We have also organised a little contest for households, where they can win some prices if they decrease their energy consumption. This is important for us mainly because these households allowed us to track their energy consumption for this upcoming year and thanks to that we can monitor the effectiveness of our actions.
What do you think will be the effects of EnergyMeasures?
What we strive for is for citizens to be able to autonomously have a grasp on their energy activity, have knowledge on how to reduce their energy consumption and improve their energy comfort. The level of knowledge of citizens on this topic is, unfortunately, still quite low and they are often very helpless knowing that their basic needs are not met, but they still pay a lot of money. Therefore my opinion is that one of the most important effects will be not only bringing theoretical knowledge to citizens, but also translating that into practical skills, which will result in an overall decrease in energy consumption and use of more sustainable energy sources.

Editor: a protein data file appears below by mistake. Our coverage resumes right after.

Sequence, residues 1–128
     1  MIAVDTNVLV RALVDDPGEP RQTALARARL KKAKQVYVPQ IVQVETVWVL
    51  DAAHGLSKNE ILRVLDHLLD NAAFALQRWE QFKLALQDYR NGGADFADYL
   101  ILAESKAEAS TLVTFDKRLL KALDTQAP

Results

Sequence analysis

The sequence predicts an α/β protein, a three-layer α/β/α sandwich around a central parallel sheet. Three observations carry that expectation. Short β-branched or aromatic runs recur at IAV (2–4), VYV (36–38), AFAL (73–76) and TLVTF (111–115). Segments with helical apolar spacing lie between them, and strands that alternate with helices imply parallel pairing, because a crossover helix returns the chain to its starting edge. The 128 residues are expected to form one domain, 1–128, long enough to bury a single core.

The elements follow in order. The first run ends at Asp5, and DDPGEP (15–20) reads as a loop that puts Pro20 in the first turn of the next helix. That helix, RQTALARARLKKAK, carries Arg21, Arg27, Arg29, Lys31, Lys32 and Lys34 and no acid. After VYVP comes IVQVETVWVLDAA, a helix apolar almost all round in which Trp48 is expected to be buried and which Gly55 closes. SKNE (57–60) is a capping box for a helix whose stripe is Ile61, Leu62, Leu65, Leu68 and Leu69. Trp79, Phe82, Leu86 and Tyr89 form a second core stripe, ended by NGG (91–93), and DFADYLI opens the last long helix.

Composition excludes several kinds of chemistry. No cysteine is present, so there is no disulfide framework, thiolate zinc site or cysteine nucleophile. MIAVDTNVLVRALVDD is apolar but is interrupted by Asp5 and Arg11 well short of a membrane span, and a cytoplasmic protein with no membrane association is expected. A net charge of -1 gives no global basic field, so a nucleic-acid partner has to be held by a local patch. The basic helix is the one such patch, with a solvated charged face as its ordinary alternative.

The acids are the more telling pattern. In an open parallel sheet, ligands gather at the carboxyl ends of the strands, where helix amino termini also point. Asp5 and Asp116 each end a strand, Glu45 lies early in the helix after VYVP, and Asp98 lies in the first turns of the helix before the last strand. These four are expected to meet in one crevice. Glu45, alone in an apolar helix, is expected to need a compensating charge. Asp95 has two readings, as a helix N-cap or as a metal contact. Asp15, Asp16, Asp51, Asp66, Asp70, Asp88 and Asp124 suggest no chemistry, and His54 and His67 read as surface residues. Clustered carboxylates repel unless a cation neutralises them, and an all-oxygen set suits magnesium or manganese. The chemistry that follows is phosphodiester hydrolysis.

However one of the effects, which we already see is that many other municipalities, which observed the pilot project organised in Bielsko Biała, have started to replicate this model. They are putting more effort in creating a more personal connection with their citizens in the context of energy counselling. It is great to see that the knowledge we have collected in Bielsko Biała can be used elsewhere and that other municipalities are adjusting are methods through building on our successes and avoiding our mistakes.